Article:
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Scores Die in Second Cameroon Twin Suicide Bombing in 10 Days 

Barely 10 days after two suspected Boko Haram suicide bombers killed at least 13 persons at the northern border town of Fotokol, a second twin suicide attack Wednesday in Maroua, capital of the Far North Region, has left scores dead and dozens injured.

Scene of destruction after a Boko Haram attack in neighbouring Nigeria

Scene of destruction after a Boko Haram attack in neighbouring Nigeria

Government officials have given varying casualty figures, with the region’s governor announcing a death toll of 17, while a presidential statement placed the figure at 13. Other reports spoke of up to 20 dead. At least 32 other persons were reported injured.

Authorities said the first attack took place at the busy Marché Central in Maroua, a city of about half a million inhabitants, while a second bomb went off in the crowded Doualarai neighbourhood.

Frightened residents reportedly ran helter-skelter after the explosions rocked the city mid-afternoon on Wednesday and many wailed as military officers and paramedics later pulled corpses from debris and took away the injured from the scenes of the attacks.

It is not yet clear whether the government has identified either the suicide attackers or the dead and injured.

Like in the previous twin suicide attacks on May 13 no group has as yet claimed responsibility, although the mainly Nigeria-based radical group Boko Haram that have been active in northern Cameroon are the main suspects. Boko Haram initially advocated the establishment of an Islamic state in Nigeria, but later expanded its activities to neighbouring countries including Cameroon, Chad and Niger. The group has also pledged allegiance to the extremist Islamic State group that has captured large swathes of territory in war-ravaged Iraq and Syria.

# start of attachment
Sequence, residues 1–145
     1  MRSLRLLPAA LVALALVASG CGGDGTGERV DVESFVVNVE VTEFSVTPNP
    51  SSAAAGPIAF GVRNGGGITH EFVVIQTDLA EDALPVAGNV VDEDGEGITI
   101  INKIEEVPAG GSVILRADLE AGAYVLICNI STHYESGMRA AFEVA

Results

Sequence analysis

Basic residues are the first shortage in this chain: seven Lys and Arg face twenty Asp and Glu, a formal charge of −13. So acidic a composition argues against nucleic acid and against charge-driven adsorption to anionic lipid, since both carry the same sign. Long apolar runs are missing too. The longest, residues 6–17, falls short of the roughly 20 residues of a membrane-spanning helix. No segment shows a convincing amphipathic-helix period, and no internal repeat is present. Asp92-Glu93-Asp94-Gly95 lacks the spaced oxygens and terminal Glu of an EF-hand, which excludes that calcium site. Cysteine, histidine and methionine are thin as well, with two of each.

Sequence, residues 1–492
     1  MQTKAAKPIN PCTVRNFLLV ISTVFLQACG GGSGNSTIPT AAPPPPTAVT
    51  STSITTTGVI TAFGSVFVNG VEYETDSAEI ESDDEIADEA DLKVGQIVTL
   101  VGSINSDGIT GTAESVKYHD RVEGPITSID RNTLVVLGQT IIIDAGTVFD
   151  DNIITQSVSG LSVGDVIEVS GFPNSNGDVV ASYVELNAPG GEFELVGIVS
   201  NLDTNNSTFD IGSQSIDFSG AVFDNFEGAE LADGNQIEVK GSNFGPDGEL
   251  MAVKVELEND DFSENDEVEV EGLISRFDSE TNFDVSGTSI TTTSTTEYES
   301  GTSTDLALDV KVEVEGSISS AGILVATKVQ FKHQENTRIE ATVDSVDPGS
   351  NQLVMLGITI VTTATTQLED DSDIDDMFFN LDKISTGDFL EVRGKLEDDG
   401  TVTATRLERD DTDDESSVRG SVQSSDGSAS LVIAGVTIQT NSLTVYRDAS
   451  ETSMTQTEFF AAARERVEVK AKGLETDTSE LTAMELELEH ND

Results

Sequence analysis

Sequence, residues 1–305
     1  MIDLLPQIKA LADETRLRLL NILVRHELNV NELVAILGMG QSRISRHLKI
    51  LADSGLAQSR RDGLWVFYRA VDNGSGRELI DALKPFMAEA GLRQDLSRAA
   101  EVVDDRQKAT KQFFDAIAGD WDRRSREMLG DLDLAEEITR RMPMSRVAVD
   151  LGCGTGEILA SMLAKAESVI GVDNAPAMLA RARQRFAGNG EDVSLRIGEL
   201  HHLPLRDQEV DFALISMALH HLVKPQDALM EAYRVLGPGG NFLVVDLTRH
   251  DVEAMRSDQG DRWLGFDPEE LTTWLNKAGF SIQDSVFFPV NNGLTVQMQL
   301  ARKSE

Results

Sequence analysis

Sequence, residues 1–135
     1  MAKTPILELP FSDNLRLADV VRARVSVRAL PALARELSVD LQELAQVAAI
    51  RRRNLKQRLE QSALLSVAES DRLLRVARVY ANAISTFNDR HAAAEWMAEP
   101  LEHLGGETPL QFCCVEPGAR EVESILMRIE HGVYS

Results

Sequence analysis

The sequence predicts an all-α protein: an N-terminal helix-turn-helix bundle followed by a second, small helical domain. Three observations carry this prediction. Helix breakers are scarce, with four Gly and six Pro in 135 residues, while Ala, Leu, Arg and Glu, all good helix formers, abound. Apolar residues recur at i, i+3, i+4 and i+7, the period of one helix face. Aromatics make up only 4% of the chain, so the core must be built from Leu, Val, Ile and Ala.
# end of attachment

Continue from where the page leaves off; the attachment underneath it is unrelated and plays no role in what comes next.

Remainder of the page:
Cameroon declared war on Boko Haram in May 2014, with the country’s president ordering the deployment of thousands of special forces in the north of country and the recruitment of thousands more to defeat the militants.

While public support for the war remains high, there are whispers of disappointing results. Cameroonian special forces — supported by soldiers from neighbouring Chad since February this year — have killed hundreds of militants in numerous operations. But they have equally suffered significant losses. Attacks by the militants have equally increased, not decreased, since the war on Boko Haram was launched with hundreds of civilians, killed, injured or abducted.

More than one year since Cameroon’s President Paul Biya vowed to weed out the militants from his country, there is still no apparent end in sight for the war.